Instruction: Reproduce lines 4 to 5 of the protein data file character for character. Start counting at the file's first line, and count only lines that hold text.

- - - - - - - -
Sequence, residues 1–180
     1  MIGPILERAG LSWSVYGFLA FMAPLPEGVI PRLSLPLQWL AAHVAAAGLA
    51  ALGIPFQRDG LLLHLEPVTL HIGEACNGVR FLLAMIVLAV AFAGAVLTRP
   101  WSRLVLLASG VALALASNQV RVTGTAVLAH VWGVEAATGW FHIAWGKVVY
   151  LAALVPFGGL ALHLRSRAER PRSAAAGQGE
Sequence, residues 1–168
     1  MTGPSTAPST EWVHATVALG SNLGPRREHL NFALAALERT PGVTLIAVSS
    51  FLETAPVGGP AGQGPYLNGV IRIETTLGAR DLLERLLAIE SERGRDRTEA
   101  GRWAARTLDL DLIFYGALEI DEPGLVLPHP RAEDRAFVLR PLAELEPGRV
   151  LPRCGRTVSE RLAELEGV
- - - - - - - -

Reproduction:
   101  WSRLVLLASG VALALASNQV RVTGTAVLAH VWGVEAATGW FHIAWGKVVY
   151  LAALVPFGGL ALHLRSRAER PRSAAAGQGE